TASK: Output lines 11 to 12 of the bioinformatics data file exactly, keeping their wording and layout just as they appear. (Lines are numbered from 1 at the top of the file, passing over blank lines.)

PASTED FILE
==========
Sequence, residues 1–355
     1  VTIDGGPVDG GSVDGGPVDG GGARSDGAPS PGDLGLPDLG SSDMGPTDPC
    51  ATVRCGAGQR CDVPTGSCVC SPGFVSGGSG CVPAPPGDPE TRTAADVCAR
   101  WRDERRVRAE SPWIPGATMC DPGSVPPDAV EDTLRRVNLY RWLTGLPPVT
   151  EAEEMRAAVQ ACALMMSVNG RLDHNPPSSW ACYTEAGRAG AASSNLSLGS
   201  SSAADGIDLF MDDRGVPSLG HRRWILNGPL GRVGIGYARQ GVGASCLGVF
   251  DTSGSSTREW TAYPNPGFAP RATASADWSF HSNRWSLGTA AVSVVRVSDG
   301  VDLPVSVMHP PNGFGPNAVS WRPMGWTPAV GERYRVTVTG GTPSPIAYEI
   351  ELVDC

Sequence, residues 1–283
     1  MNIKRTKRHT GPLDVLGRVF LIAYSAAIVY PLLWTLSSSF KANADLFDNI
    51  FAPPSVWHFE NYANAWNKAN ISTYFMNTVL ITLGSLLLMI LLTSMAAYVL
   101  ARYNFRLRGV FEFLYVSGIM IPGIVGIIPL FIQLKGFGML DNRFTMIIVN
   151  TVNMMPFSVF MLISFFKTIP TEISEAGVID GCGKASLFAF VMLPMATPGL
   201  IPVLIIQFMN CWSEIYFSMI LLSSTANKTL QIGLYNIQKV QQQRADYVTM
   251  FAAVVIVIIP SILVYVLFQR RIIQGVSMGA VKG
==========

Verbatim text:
     1  MNIKRTKRHT GPLDVLGRVF LIAYSAAIVY PLLWTLSSSF KANADLFDNI
    51  FAPPSVWHFE NYANAWNKAN ISTYFMNTVL ITLGSLLLMI LLTSMAAYVL